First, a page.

Farmers do not face any change in the definition of manure as an industrial waste following the introduction of the new Environment Protection Act on July 1, 2021.
Following confusion about manure and animal waste classification as industrial waste, the Environmental Protection Act has clarified that there is effectively no change in the classification.
EPA chief executive Lee Miezis said there was no change to the definition of manure as an industrial waste from the 1970 Act.
"The wording in the 2017 Act is almost identical," he said.
"However, there still appears to be confusion in some areas. Under the new Environment Protection laws farmers will not have to fill out forms, or need a permit, just to use manure as fertiliser, so long as it meets set specifications and poses no risk to the environment."
Farmers don't need to notify, seek approval, receive, or use manures if they meet the specifications and conditions in the determination.
Specifications such as manure not containing plastics or other materials that might cause harm to the land and must be received to deposit to land as a soil amendment or for irrigation.
According to Mr Miezis, the EPA is partnering with peak-bodies VFF and Dairy Australia to roll out training on the laws to reduce confusion.
"Under the new laws industrial waste is considered the lowest risk, with other higher-risk waste types falling under either priority waste or reportable priority waste," he said.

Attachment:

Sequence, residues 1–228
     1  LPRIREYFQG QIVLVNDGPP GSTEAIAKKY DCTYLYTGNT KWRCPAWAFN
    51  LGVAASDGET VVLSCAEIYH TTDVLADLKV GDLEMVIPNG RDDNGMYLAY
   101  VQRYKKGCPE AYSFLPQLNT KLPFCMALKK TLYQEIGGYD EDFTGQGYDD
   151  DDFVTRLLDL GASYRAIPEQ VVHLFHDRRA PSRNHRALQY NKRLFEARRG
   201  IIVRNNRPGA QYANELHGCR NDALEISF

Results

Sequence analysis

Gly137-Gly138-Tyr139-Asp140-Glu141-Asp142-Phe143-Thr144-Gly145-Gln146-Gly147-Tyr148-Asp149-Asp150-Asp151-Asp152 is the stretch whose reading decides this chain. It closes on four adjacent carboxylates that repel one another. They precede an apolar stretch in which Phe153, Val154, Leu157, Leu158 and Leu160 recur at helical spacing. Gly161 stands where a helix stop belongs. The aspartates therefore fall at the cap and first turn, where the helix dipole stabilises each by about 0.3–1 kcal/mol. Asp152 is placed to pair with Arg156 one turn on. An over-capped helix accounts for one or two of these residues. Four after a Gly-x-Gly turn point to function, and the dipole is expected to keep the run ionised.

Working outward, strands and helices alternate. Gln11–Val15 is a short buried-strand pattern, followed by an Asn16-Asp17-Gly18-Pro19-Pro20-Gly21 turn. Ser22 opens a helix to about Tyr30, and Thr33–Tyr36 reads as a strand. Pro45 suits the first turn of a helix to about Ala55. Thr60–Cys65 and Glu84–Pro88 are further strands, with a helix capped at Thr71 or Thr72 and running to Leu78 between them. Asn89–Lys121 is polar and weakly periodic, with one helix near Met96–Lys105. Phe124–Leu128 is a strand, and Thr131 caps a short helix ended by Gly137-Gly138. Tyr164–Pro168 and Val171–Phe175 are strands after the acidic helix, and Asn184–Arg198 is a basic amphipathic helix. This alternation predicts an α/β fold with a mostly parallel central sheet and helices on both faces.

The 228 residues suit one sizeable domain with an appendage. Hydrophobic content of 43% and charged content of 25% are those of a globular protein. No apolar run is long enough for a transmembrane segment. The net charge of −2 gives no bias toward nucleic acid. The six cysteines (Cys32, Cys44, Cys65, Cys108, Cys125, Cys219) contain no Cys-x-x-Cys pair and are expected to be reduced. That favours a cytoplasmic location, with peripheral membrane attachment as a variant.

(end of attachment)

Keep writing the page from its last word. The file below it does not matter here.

"We want farmers to continue their good management practices in their use of manure on farm, but if there is mismanagement leading to pollution or the legitimate threat of pollution, the legislation does not call for the same penalties to be applied as it would in the case of mismanagement of a reportable priority waste."
"Livestock farmers that produce and sell manure just need to ensure that it is free from contaminants such as plastics, and take reasonable steps to know where it's going. We expect that famers at the receiving end check that the consignment only contains manure before applying it to their land, which is just good practice."
"We consulted extensively with VFF and the farming sector to ensure that there is no new burdensome requirements for Victorian farmers who chose to apply commercial quantities of manure to land.
"EPA recognises manures can be used in a safe way and can be beneficial to agricultural land. While most Victorian farmers manage their livestock's manure or effluent the right way," an EPA spokesman said.
"EPA does come across situations where animal waste from farms is mismanaged and results in harm to waterways and unnecessary odour impacts to townships."
"If farmers are using manure the way they normally do there's no real additional burden."
More information can be found at https://www.epa.vic.gov.au/determinations.
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